where . However, the parameter of the exponential filter must be tuned according to the specific application. The goal of the this paper is to improve the robustness of ADI when the underlying state is unknown and rapidly changing. In order to accomplish this, an ensemble filter is defined:

(2)

where are “base filters” with different parameter specifications. Implicitly, the weights are allowed to depend on past data. Further, the number of base filters included in the ensemble () is allowed to grow with , and filter functions will be causal, i.e., for .

3.2 Expanding Fixed Shares of Estimation

We apply an ensemble method based on the simple fixed shares algorithm [herbster1998tracking], which was originally introduced in [shalizi2011adapting]. A set of base filter functions is defined, along with a parameter which defines the rate at which new filters are introduced into 2 At each time , an estimate is obtained and used to both update the weights and to update the ADI estimate. The weights are updated in a similar manner to [shalizi2011adapting]:

where and

are user-defined hyperparameters. Theorem 

3.2 provides a bound for the MSE, assuming that

is piecewise constant, and the estimate has i.i.d. noise with bounded variance. We use the abbreviation

, and similarly for convenience. Let , where is independent with mean 0 and variance , and is piecewise constant with transitions. Then the MSE of the ADI ensemble estimator is bounded by:

(3)

where . The proof of Theorem 3.2 is given in Appendix A.

4 Spatial Interaction Estimation in a Scene

We illustrate ADI by applying it to discover salient time-varying interactions among actors in a scene. Here, the components are actors moving around in space. For each sampled frame and actor

, define the position vector

on the plane.

4.1 Dynamic Covariance Model

We propose a dynamic Gaussian model, following the model in [chen2016dynamic]. Assume that the combined feature matrix is distributed as:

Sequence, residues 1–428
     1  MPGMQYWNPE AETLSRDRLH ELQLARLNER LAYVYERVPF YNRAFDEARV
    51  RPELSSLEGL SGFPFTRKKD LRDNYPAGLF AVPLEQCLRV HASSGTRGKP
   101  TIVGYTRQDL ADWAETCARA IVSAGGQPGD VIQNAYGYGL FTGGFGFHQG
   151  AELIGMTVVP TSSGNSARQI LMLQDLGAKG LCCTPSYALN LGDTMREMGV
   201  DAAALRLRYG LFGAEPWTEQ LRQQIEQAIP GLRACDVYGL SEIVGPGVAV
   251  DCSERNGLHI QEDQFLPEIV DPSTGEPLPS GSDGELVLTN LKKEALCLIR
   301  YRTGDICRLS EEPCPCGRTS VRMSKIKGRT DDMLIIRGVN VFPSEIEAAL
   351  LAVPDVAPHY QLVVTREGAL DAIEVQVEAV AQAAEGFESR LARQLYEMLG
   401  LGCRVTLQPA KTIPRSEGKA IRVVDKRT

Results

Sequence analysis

(4)

where is a mean vector and is a covariance matrix. We assume that and are slowly varying, and further use a kernel estimate of these quantities:

(5)
(6)

where is a kernel function. The conditional mutual information is a function of the covariance matrices under a Markovian Gaussian random process .

5 Application to Stanford Drone Dataset

In this section, the proposed ensemble ADI estimator is applied to the Stanford Drone Dataset [robicquet2016learning], which is a collection of 60 annotated videos across 8 scenes shot on the Stanford campus. These annotations allow for tracking the movement of pedestrians, cars, bicyclists and other moving actors in the scene. These estimated locations of actors are smoothed by a moving mean estimator in order to reduce artifacts introduced by the discretization of the annotations. These smoothed locations for each actor in the scene are then used to calculate the ADI. For the analysis, an rbf kernel was used in (5) with parameter , and the ADI ensemble parameters were set to , and . After calculating ADI, only interactions where the actors were within a certain distance (in pixels) from each other were considered - in this case, 100.